Freedom Rider: Sean Bell and Wesley Snipes

Freedom Rider: Sean Bell and Wesley Snipes

by BAR editor and senior columnist Margaret Kimberley

police have no expectation of punishment, even when they kill without cause."

The United States leads the
world in putting its citizens behind bars. The nation with just 5% of the world's
population has 25% of the world's prisoners. One out of every 99 adults in this
country is behind bars, and half
of those
persons are black. Those figures are horrific, but the explanation
for them is not at all complicated. Racism is the reason that so many are
behind bars. If America were not so committed to continuing its culture of
white supremacy, those dreadful statistics would not exist.

Black people can always expect
to be punished, and to the harshest degree possible. We can expect punishment
whether guilty or not, whether the punishment fits the crime or even if no
crime has been committed at all.

Those facts are turned upside
down where police crime is concerned. The police have no expectation of
punishment, even when they kill without cause. Their victims are usually black,
and they are rarely if ever punished for indiscriminate murder.

Two cases recently in the news
illustrate that point. One man, Sean
, died in a hail of police bullets for committing the crime of saying
farewell to his last night of bachelorhood. Bell was a New Yorker celebrating
with friends in the wee hours before his wedding, as young men usually do. Cops
surveilling the club he left believed, wrongly, that Bell and his friends were
armed. They fired 50 shots into his car, killing Bell and injuring his friends.

The Bell case had a terrible familiarity from the very
first day. The community is outraged, the Mayor and the police commissioner at
first claim the shooting is justified and then back pedal. There are
indictments but the police choose to be tried before judges instead of before
juries. As almost always happens with fatal police shootings, Bell's killers
were acquitted.

judges are fully dedicated to maintaining the white justice status quo."

As always, the community
protested, and continues to protest the verdict. But in the end, Bell's killers
will never be brought to justice. If trigger happy cops know that judges will
view them more kindly than ordinary citizens will, is it any wonder that
America's prisons are bulging at the seams? A book by the late Judge Bruce
Wright was aptly entitled, "Black
Robes, White Justice
." America's judges are fully dedicated to maintaining
the white justice status quo.

Two of the three cops indicted
in Bell's case are themselves black, but that fact makes little difference. The
system that insures greater scrutiny of black people and their communities will
mean greater likelihood of arrest, brutality or death, even when the police are
black too.

It may seem strange to compare
the fate of the late Sean Bell with that of actor Wesley Snipes. Snipes is still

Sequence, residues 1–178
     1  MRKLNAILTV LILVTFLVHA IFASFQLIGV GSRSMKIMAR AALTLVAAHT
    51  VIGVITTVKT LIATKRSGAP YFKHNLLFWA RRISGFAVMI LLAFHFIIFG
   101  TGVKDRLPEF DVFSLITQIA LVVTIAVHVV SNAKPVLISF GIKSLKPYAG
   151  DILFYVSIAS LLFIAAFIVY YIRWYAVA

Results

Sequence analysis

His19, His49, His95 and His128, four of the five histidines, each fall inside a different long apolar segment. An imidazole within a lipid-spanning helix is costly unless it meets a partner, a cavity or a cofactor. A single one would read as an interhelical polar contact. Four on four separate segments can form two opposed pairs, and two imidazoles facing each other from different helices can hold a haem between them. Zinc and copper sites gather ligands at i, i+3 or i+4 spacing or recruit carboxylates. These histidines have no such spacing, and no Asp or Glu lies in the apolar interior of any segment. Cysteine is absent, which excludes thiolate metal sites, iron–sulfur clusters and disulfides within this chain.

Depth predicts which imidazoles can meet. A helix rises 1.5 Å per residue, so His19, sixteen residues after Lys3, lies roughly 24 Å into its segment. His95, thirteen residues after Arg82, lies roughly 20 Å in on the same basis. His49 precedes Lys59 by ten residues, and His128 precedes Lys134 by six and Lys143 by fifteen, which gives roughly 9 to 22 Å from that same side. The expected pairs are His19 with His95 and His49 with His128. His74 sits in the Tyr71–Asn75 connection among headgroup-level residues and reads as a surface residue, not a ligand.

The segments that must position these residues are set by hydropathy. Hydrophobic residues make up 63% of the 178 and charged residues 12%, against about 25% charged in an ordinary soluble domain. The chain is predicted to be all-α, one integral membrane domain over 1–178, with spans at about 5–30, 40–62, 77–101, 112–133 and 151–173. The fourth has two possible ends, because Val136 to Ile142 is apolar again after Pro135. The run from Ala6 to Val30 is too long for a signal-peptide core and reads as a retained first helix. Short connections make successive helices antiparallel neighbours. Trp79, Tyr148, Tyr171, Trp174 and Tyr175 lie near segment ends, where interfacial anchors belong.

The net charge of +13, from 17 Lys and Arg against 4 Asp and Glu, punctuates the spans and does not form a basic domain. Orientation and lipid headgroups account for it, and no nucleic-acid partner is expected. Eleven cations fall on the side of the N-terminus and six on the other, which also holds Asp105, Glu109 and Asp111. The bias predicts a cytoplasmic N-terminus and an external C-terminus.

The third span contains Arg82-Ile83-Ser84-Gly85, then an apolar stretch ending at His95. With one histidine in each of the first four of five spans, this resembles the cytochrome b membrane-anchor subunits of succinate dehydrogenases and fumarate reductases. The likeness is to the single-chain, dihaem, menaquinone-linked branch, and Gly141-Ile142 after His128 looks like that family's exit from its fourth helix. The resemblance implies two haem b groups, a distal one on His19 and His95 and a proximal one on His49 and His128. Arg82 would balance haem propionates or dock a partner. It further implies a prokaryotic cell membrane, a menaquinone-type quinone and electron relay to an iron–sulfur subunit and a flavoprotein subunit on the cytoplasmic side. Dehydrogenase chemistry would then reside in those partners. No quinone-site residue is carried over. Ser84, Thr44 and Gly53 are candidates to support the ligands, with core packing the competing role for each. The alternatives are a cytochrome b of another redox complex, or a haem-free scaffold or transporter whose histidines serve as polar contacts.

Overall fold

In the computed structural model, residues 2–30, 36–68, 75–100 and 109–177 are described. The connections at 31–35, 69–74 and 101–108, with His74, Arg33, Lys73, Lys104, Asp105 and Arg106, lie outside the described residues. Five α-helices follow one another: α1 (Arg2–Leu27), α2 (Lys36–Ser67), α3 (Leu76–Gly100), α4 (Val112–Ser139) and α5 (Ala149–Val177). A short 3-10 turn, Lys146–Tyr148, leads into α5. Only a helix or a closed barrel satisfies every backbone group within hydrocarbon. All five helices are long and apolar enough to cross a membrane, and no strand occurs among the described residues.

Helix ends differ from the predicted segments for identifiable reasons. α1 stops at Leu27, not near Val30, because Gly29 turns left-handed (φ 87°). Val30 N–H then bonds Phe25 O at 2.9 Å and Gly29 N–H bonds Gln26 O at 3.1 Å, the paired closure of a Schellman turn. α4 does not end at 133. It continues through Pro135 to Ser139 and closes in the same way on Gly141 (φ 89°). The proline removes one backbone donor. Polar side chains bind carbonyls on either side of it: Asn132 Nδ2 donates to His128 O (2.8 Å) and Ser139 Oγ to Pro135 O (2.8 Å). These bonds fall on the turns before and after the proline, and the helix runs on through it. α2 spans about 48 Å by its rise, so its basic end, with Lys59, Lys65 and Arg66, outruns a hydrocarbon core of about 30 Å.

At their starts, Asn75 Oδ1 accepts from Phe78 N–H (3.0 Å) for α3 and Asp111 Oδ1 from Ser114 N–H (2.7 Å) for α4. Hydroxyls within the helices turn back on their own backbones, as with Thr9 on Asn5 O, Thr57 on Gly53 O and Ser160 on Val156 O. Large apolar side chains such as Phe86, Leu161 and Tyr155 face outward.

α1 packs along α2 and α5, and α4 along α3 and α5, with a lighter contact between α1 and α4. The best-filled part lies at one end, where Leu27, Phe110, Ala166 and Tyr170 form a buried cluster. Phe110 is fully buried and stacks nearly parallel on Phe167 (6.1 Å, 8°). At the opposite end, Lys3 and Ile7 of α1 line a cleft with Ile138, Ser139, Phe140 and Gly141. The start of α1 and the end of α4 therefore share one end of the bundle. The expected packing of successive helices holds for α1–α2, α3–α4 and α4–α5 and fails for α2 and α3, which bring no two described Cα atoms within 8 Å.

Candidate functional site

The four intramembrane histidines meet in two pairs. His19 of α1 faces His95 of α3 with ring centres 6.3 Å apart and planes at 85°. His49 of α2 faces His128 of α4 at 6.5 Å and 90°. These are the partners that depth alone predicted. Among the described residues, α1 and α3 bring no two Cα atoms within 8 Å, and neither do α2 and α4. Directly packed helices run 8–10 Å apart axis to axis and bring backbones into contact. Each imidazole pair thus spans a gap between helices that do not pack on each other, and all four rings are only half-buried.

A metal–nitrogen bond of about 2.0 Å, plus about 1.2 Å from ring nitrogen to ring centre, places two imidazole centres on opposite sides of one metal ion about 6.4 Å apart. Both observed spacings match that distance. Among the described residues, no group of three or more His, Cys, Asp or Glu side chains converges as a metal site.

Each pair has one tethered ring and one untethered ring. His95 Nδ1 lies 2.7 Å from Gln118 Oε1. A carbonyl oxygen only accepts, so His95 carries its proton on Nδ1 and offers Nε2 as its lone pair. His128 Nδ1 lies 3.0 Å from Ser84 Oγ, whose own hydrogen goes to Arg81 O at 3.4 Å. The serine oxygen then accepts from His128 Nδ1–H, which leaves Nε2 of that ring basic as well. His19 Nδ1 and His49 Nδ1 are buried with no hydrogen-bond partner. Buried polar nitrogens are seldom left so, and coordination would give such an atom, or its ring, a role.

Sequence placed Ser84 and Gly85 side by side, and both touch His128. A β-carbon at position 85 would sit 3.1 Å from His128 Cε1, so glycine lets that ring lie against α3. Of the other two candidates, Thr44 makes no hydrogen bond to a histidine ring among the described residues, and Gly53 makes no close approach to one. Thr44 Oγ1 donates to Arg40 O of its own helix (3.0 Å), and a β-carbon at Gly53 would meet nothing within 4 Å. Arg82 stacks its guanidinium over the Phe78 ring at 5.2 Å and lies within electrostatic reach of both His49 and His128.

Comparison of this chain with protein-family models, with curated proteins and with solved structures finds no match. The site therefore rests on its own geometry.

alive after all, but he has fallen victim to the same black robe, white justice
philosophy that has deprived the Bell family of justice. The day before Bell's
killers got off scot-free, Snipes was sentenced to three years in jail for
misdemeanor tax evasion convictions.BellSnipes

"This case cries out for
the statutory maximum term of imprisonment, as well as a substantial fine,
because of the seriousness of defendant Snipes' crimes and because of the
singular opportunity this case presents to deter tax crime nationwide," so
said prosecutor
Robert O'Neill
. It is obviously absurd to think that anyone needs to be
deterred from repeating Snipes' experience. The real deterrence has nothing to
do with rendering unto Caesar on April 15th.

"How better to justify the prison nation and its racist
nature than to put a famous black person behind bars."

Jail time for a misdemeanor
conviction is not unusual for this prison nation. Neither is the need to make
examples of black people who run afoul of the law. A prison sentence is
unnecessary for Snipes, as well as for many of the thousands behind bars. How
better to justify the prison nation and its racist nature than to put a famous
black person behind bars for a crime that a jury determined was minor.

Snipes was once one of
Hollywood's biggest stars, commanding millions of dollars for every movie he
made. Such success is a double edged sword for black people. If they fall, they
are punished and punished severely. Former NFL quarterback Michael Vick was
doomed to be behind bars, so was Olympic athlete Marion Jones. The combination
of their fame and their black skin meant they were destined for the big house,
even though probation or lighter sentences were justified in their cases.

William Hodges
admitted as much. "One of the main purposes which
drives selective prosecution in tax cases is deterrence. In some instances,
that means those of celebrity stand greater risk of prosecution. But there's
nothing unusual about it, nor is there anything unlawful about it. It's the way
the system works."

He might have added that prosecution is especially important
in a system determined to make examples of black people wherever possible. As
the judge said, it is the way the system works.

Kimberley's Freedom Rider column appears weekly in BAR. Ms. Kimberley lives in
New York City, and can be reached via e-Mail at
Margaret.Kimberley(at)BlackAgandaReport.Com. Ms. Kimberley maintains an
edifying and frequently updated blog at
More of her work is also available at her Black Agenda Report